In a given year, Jupiter experiences its share of storms, cloudy days and changes in atmospheric chemistry.
Now, scientists have brought all that together in new maps that reveal the planet in a new and surprising light. Already, the images have exposed a rare wave just north of the planet’s equator and a unique filamentary feature in the core of the Great Red Spot not seen previously.
“Every time we look at Jupiter, we get tantalizing hints that something really exciting is going on,” said Amy Simon, a planetary scientist at NASA’s Goddard Space Flight Center in Greenbelt, Maryland, whose findings were described in an Astrophysical Journal paper, in a press release. “This time is no exception.”
The maps are giving scientists a longer-term view of the planet. It is the first in a series of annual portraits of the solar system’s outer planets.
Simon and her colleagues produced two global maps of Jupiter from observations made using the Hubble space telescope's high-performance Wide Field Camera 3. The two maps represent nearly back-to-back rotations of the planet, making it possible to determine the speeds of Jupiter’s winds.
The new images also confirm that the Great Red Spot continues to shrink and become more circular, as it has been doing for years. The long axis of this characteristic storm is about 150 miles shorter now than it was in 2014.
Related: Jupiter's icy moon Europa: Best bet for alien life?
The Great Red Spot appears more orange than red, and its core, which typically has more intense color, is less distinct than it used to be. An unusual wispy filament can also be seen, spanning almost the entire width of the vortex. This filamentary streamer rotates and twists throughout the 10-hour span of the Great Red Spot image sequence, getting distorted by winds blowing at 330 miles per hour or even greater speeds.
In Jupiter’s North Equatorial Belt, the researchers found an elusive wave that had been spotted on the planet only once before, decades earlier, by Voyager 2. In those images, the wave is barely visible, and nothing like it was seen again, until the current wave was found traveling at about 16 degrees north latitude, in a region dotted with cyclones and anticyclones.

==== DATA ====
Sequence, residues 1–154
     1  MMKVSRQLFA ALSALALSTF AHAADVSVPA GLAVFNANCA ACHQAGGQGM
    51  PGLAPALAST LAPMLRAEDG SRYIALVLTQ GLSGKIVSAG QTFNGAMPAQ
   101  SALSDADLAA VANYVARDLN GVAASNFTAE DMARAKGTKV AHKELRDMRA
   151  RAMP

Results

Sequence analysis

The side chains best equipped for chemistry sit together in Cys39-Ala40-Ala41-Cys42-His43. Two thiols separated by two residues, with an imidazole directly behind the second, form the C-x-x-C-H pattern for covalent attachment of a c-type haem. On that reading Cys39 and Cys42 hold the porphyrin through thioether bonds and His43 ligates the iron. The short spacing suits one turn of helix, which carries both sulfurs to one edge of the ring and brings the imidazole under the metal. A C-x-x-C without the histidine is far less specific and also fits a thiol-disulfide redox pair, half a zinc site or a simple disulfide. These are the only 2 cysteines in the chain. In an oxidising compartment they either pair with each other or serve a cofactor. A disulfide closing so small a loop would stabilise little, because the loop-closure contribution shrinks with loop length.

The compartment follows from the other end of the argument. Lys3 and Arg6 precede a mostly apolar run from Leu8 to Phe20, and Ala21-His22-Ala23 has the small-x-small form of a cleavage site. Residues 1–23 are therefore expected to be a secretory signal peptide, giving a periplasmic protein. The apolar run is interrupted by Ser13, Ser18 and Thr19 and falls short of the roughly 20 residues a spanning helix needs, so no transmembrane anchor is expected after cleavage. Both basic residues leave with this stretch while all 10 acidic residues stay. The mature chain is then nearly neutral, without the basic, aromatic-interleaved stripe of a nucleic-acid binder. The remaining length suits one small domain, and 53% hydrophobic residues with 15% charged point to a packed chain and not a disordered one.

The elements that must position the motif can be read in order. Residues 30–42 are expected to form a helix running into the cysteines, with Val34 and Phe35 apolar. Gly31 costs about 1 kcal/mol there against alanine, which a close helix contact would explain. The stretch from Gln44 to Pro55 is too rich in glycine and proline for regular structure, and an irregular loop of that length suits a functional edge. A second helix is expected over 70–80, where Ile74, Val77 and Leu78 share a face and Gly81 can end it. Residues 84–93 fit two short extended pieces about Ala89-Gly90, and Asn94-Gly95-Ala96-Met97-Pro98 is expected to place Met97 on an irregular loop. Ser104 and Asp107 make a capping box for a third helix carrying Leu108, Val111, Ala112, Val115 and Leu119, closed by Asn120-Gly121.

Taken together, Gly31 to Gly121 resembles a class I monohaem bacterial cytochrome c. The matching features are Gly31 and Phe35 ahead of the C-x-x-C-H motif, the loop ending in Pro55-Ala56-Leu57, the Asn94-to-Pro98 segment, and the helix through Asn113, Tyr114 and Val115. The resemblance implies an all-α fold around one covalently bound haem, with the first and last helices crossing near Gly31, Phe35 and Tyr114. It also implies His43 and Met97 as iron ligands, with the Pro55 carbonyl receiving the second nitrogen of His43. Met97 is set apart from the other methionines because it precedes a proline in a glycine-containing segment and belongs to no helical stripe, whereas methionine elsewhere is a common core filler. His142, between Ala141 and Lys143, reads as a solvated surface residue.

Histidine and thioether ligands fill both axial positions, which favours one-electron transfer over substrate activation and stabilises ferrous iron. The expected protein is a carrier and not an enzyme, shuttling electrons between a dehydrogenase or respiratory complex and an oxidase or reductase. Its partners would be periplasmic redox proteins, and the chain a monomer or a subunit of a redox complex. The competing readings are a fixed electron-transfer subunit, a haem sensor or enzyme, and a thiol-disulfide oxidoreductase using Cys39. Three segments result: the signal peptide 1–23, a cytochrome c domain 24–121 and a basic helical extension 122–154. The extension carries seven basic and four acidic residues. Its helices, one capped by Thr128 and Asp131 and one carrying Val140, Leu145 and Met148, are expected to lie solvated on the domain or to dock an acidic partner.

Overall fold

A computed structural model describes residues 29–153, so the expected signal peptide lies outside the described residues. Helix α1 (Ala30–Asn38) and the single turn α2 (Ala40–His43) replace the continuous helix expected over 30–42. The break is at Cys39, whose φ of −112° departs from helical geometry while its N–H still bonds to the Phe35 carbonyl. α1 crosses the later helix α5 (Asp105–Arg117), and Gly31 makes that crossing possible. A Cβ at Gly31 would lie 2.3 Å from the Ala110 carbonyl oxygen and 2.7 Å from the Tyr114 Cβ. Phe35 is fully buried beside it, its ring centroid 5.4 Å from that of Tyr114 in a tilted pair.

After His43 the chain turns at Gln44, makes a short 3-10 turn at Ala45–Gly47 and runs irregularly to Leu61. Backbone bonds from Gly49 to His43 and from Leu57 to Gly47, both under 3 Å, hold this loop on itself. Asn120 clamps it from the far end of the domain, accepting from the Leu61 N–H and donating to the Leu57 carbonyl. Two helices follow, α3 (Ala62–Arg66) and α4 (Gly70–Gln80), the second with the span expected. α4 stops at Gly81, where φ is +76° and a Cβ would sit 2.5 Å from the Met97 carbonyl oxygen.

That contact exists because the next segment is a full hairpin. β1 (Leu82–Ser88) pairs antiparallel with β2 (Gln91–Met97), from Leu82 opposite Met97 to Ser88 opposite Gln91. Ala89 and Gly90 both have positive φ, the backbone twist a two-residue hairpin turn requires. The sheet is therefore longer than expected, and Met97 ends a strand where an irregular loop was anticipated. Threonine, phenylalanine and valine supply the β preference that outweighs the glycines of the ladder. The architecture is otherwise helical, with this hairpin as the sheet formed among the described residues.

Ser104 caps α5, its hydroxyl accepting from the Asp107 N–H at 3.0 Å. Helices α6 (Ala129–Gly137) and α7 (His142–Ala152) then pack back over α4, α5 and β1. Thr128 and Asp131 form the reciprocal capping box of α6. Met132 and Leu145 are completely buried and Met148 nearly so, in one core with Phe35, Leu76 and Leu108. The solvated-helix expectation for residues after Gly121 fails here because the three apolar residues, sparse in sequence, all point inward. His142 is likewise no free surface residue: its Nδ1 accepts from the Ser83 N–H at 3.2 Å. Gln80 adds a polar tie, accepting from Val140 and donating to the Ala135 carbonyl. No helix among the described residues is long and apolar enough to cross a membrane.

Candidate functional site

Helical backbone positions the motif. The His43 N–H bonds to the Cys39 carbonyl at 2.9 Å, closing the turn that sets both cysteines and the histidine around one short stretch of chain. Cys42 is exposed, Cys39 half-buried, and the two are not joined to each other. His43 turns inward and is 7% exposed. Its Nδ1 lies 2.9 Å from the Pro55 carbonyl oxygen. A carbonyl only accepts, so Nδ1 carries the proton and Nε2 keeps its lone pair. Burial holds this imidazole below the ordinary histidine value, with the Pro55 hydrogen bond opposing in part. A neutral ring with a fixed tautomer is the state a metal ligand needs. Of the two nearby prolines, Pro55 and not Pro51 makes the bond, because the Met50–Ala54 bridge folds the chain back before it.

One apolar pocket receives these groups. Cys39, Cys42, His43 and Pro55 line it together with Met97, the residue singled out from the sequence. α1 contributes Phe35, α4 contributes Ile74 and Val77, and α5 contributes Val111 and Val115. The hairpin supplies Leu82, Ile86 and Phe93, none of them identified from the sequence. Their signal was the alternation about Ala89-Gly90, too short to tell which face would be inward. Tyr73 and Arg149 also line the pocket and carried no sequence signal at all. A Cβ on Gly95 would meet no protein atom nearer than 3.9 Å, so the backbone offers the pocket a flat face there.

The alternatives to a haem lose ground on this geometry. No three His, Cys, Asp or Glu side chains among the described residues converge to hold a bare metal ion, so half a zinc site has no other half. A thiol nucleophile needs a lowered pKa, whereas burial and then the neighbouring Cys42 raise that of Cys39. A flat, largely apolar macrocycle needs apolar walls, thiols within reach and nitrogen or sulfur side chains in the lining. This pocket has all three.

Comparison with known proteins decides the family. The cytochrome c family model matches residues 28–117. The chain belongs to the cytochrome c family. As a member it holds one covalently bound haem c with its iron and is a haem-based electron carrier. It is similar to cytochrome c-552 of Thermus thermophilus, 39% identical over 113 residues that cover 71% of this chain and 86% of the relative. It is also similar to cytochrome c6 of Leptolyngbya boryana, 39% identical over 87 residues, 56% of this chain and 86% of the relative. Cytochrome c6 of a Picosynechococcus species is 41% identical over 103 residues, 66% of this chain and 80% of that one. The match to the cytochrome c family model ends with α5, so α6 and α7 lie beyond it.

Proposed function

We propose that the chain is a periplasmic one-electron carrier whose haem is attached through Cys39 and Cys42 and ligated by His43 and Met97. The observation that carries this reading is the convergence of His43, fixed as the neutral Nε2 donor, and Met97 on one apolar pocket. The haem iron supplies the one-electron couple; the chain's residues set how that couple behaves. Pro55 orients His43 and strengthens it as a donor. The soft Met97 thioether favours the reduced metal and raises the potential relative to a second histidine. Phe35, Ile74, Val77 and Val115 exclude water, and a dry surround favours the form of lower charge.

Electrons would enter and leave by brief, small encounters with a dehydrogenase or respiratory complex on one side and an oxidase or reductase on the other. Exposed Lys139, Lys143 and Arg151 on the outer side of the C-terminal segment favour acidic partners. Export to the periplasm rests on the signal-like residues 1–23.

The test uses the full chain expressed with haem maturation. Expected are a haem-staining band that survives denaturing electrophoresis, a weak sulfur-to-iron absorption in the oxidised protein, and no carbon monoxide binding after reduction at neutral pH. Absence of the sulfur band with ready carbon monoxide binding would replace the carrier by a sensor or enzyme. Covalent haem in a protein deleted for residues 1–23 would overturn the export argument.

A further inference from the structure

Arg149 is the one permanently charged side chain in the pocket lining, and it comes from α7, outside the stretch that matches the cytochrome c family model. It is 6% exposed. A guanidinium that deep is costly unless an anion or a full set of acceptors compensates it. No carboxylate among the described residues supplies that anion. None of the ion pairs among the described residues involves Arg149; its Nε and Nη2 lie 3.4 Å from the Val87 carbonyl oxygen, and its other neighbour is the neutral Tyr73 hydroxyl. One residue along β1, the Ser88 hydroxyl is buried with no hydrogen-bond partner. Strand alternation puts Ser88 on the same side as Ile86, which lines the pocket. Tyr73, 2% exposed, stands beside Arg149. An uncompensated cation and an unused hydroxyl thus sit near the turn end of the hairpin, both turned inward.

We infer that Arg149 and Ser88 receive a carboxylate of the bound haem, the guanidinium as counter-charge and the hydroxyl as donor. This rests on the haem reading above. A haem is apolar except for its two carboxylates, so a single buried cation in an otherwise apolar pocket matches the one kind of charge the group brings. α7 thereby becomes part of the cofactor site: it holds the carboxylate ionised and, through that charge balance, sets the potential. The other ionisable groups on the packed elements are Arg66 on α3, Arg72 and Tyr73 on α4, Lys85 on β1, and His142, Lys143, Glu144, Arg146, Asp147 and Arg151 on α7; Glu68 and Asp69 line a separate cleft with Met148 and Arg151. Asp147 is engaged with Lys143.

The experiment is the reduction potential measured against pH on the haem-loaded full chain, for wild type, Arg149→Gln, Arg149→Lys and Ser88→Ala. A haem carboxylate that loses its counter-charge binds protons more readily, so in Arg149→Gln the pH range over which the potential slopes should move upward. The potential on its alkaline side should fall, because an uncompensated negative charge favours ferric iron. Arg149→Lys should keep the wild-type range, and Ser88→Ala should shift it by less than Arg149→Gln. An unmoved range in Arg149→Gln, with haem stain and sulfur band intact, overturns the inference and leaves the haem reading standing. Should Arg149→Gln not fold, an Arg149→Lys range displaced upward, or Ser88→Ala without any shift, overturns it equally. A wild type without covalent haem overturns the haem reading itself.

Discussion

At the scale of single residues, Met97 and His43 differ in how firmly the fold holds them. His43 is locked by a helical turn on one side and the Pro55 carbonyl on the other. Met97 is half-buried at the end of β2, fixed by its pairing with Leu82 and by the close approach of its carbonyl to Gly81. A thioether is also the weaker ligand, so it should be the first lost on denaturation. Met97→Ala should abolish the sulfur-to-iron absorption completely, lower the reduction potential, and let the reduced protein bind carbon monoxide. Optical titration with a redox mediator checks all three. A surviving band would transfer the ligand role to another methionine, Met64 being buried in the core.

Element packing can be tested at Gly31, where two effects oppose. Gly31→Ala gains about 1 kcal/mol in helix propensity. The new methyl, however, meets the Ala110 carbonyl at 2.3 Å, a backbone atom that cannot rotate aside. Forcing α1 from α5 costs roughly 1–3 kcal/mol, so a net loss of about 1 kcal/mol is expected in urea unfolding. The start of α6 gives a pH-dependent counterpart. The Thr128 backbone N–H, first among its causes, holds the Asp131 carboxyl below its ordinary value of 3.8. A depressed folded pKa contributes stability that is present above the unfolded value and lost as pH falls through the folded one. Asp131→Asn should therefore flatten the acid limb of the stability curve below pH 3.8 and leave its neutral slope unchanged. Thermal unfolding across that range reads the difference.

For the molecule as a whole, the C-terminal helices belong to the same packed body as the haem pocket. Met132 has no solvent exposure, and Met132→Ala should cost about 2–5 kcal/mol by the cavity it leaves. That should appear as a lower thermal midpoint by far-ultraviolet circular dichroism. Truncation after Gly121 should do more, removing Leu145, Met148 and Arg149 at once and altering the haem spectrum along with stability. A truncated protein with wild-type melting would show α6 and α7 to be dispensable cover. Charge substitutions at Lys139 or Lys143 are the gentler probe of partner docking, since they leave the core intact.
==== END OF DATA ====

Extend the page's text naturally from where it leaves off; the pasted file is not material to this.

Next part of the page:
Similar waves -- called baroclinic waves -- sometimes appear in Earth’s atmosphere where cyclones are forming.
“Until now, we thought the wave seen by Voyager 2 might have been a fluke,” said co-author Glenn Orton of NASA’s Jet Propulsion Laboratory in Pasadena, Calif., in the press release. “As it turns out, it’s just rare!”
The wave may originate in a clear layer beneath the clouds, only becoming visible when it propagates up into the cloud deck, according to the researchers.
After Jupiter, researchers plan to release maps of Neptune and Uranus. Saturn will be added to the series later.
“The long-term value of the Outer Planet Atmospheres Legacy program is really exciting,” said co-author Michael Wong of the University of California, Berkeley, in the press release. “The collection of maps that we will build up over time will not only help scientists understand the atmospheres of our giant planets, but also the atmospheres of planets being discovered around other stars, and Earth’s atmosphere and oceans, too.”